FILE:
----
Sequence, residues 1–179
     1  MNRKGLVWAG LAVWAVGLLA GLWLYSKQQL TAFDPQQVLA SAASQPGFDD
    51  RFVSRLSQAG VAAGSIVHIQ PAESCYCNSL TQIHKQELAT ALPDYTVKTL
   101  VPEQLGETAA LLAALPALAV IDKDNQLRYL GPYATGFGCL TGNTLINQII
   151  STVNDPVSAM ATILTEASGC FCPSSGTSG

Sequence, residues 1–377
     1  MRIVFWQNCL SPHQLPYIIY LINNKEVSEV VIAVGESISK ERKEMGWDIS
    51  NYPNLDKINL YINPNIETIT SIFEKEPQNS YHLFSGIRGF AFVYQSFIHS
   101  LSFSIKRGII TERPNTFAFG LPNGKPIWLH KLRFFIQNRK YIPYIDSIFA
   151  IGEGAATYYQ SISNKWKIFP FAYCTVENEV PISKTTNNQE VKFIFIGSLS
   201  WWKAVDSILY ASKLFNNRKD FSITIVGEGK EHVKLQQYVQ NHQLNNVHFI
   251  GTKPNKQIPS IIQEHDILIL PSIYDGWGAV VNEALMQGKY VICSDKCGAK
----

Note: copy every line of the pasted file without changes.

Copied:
Sequence, residues 1–179
     1  MNRKGLVWAG LAVWAVGLLA GLWLYSKQQL TAFDPQQVLA SAASQPGFDD
    51  RFVSRLSQAG VAAGSIVHIQ PAESCYCNSL TQIHKQELAT ALPDYTVKTL
   101  VPEQLGETAA LLAALPALAV IDKDNQLRYL GPYATGFGCL TGNTLINQII
   151  STVNDPVSAM ATILTEASGC FCPSSGTSG

Sequence, residues 1–377
     1  MRIVFWQNCL SPHQLPYIIY LINNKEVSEV VIAVGESISK ERKEMGWDIS
    51  NYPNLDKINL YINPNIETIT SIFEKEPQNS YHLFSGIRGF AFVYQSFIHS
   101  LSFSIKRGII TERPNTFAFG LPNGKPIWLH KLRFFIQNRK YIPYIDSIFA
   151  IGEGAATYYQ SISNKWKIFP FAYCTVENEV PISKTTNNQE VKFIFIGSLS
   201  WWKAVDSILY ASKLFNNRKD FSITIVGEGK EHVKLQQYVQ NHQLNNVHFI
   251  GTKPNKQIPS IIQEHDILIL PSIYDGWGAV VNEALMQGKY VICSDKCGAK